For me, the pressure to produce is gone.  I plan on sharing posts when I have time and when I have something to say and share that I think others might be interested in, not on any regular, self-imposed, schedule, but as I am led to do so, just like back when I started blogging.  I’m comfortable with that, and I hope that you are as well.  I may even share some posts sometimes about other topics that I find interesting–we’ll see.

 

But I thought you might be wondering what was up, and I wanted to share that with you.

 

Thanks for stopping by, and have a great rest of your day!

 

 

 

If you liked this post, you can subscribe to Minerva’s Garden via email or RSS, Like us on Facebook, and Follow us on Twitter, and connect with us on You TubePinterest and Google +.  You can also follow us on Linky!

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Till next time,

Posted in Shakespeare Summer, thank you | Tagged , | 8 Comments

Late Spring Garden Walk At Minerva’s Garden Part 2–Roses

 

 

Hello, and I’m back with more of our garden walk.  Today I thought I’d focus on some of the many roses that are in bloom right now.

 

You’ll notice a couple of things about me and roses.  I am a sucker for cabbage roses, with many petals.

 

And I am a lover of all sorts of rose colors–I’m not really partial to any one color, but like to have a mix of them in the garden.

 

Without further ado, let’s take a walk!

The hybrid tea climber ‘Blaze’–it blooms off and on all summer long, and covers the roof of the potting shed.

 

Hybrid tea rose ‘Camelot’.  I am not a huge fan of the hybrid teas, although I still do have some in my garden, because in our rainy climate they always succumb to black spot and lose all of their leaves–it can even damage the forming rose buds.  Not cool.  They need perfect weather–warm and dry–and perfect air circulation around them–which is why you find them planted in what I call “rose ghettos” around here, with no other plants near them–and even with all that, they will often succumb to fungal diseases like black spot.  I’m not willing to spray them with pesticides to keep the black spot at bay, because I want beneficial insects and birds in the garden and don’t want to kill them, too, so I don’t usually do much about it except try to pick off the diseased leaves when I see them and put them in the trash.  Not the best looking plants for sure, but I do like them for cut flower arrangements and their very long blooming season, so I put up with a little plant ugliness in order to get those roses.

 

‘Cecile Brunner’ rose.  This plant looks all soft pink and innocent, and it is a pretty flower, but don’t let its looks deceive you–this plant gets gigantic in my garden–at least 12 feet tall, and it’s not in a great spot–in the vegetable terrace in the backyard, so it’s always a battle with it.  This year, I pruned the heck out of it, and we (it takes 2 people to deal with this thing) tied it up to a heavy post in the fenceline to keep it from falling over sideways every time it rains, which for here is all the time until the 4th of July.  That was 4 1/2 hours of our lives that we’ll never get back.  But I’ve got much better light and room in the veggi bed now, so it was worth it.  And the birds really like this one for a resting place–that’s the biggest reason why I still keep it.  I don’t have many trees in our small garden, so large shrubs take their place.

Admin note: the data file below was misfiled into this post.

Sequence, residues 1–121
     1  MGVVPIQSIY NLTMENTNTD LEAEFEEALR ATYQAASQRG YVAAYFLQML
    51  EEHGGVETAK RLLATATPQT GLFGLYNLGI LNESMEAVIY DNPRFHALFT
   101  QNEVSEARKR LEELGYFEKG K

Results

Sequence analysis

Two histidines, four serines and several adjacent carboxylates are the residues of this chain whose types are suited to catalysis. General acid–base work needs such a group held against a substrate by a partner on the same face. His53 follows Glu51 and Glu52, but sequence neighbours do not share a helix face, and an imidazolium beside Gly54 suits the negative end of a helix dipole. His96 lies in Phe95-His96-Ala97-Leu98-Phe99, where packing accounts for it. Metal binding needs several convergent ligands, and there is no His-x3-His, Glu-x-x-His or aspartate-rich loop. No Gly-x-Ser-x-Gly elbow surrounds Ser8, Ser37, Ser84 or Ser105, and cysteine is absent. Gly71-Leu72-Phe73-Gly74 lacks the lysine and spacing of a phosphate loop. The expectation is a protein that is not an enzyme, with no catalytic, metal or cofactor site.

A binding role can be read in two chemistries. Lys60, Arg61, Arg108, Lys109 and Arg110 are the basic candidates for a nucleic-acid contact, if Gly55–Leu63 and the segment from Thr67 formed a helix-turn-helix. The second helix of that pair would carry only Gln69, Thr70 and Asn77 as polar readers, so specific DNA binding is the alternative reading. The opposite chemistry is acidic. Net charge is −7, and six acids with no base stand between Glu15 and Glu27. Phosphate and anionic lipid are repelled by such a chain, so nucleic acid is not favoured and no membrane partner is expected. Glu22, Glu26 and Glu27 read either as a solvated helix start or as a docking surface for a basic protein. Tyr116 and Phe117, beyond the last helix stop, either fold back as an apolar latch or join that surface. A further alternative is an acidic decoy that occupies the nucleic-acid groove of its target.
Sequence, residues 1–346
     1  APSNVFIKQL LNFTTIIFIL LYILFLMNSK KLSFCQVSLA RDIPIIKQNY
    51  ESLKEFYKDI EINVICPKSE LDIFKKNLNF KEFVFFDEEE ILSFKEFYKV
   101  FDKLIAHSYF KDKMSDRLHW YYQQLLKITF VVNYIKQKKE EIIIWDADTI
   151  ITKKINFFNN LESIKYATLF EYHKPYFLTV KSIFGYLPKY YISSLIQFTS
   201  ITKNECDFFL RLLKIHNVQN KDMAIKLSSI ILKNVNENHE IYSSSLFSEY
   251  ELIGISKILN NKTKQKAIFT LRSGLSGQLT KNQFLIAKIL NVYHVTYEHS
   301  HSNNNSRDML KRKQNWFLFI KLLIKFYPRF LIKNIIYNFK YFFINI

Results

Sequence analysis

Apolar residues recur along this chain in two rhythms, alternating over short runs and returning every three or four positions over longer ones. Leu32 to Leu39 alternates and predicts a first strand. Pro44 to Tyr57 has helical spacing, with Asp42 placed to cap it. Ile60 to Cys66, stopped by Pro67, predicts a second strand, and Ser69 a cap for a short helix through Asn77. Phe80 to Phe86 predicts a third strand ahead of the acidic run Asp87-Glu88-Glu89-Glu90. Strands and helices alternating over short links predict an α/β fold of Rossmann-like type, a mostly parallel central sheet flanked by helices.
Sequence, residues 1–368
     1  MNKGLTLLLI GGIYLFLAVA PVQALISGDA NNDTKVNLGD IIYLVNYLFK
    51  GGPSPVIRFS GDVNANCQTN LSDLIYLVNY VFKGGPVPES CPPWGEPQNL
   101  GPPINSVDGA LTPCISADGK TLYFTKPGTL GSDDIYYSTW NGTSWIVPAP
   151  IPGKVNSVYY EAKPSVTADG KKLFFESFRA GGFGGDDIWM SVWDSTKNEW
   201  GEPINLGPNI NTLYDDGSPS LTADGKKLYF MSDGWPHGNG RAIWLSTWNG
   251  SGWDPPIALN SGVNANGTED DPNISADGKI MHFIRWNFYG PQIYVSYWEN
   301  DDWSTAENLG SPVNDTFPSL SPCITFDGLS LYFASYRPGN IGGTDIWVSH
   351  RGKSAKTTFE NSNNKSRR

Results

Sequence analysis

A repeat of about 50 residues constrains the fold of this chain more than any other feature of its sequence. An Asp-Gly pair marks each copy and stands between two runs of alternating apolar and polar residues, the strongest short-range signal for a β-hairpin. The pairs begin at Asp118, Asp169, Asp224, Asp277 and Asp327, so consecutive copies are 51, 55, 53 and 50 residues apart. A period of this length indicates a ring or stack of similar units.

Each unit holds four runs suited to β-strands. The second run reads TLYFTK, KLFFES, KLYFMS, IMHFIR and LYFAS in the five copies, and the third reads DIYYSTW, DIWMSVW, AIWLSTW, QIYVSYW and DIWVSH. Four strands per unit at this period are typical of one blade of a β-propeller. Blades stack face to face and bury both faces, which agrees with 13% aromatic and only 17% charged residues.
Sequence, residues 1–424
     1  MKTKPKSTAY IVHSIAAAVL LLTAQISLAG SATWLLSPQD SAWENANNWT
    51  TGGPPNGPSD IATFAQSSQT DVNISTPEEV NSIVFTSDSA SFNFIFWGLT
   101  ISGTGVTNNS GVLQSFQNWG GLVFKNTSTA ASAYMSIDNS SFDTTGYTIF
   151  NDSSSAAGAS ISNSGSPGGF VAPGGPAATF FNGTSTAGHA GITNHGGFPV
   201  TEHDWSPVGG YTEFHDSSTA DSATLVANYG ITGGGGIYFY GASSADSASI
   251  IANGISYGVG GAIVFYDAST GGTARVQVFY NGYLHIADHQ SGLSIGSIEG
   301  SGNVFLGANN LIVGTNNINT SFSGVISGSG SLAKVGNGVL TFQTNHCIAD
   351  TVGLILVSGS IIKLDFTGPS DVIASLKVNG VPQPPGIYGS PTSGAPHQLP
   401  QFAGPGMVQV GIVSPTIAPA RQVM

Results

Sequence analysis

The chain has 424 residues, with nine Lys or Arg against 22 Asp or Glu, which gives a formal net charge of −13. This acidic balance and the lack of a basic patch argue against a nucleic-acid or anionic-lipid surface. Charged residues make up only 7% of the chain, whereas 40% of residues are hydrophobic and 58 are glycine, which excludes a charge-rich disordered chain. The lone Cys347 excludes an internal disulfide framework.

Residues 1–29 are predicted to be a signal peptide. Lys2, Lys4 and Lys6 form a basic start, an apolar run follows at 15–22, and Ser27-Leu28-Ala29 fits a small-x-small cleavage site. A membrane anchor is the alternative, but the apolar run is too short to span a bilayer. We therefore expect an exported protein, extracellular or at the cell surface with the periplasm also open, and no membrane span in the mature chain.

Another hybrid tea rose, this time in a luscious deep red.  (At this point, you must think all I grow is hybrid teas, but nothing could be further from the truth–I just focused on these today, and will branch out to the old garden roses soon!)  I have no idea of the variety–when we were visiting my parents at their garden zone 4 home, my dad dug this rose up, which was doing nothing at their house, and gave it to me to take home.  It was a little muddy nub about 12 inches long.  Now, it’s well over 8 feet tall and blooms with abandon at our house, and I always call it Dad’s rose :)  A gorgeous cut flower for arrangements.

 

Now, finally, here’s an old garden rose–’Jacques Cartier’–which repeat blooms after its initial flush of flowers, sharing pergola space with ‘Kardinal Warshinski’ clematis–it’s a darker rose color with blooms near the top of the roses, and ‘Einset’ red seedless table grape.  At this point, it’s kind of a tossup over who will win dominance over the top of the pergola roof, but my money is always on the grape–no matter how much I prune it, it gets huge every year and will completely cover the pergola roof by July, making a nice shady bower for hot afternoons.  I favor old garden roses in our garden because they are much less prone to black spot and all the other rose diseases that plague Pacific Northwest gardeners, and they are gorgeous.

 

A favorite rose of mine is the David Austin yellow-blooming ‘Graham Thomas’.  Although this is technically classified as a shrub rose, I’ve trained it to be a climber over a turquoise-colored arbor, and it’s a nice focal point in our backyard garden.

 

 

 

An unknown variety, but lovely, red rose that was growing here when we bought our home.  I’m guessing it’s a hybrid tea by the way it gets black spot, but who knows.

 

I’ve shown you some very large roses, so how about a smaller one?  This is an unknown variety of mini rose, in this lovely soft pink–it was growing in a container, planted by the previous owners, when we arrived here 13 years ago.  It is only about a foot tall and wide, and grows down in our lower terrace on the sidewalk in front of the house, and honestly, I don’t always get down there to water it much during the summertime, yet as long as it gets fertilized once a month starting in March, it usually blooms its little head off all summer long.  I grow it next to a huge but very fine-leafed santolina with yellow blooms–it will bloom soon, in June.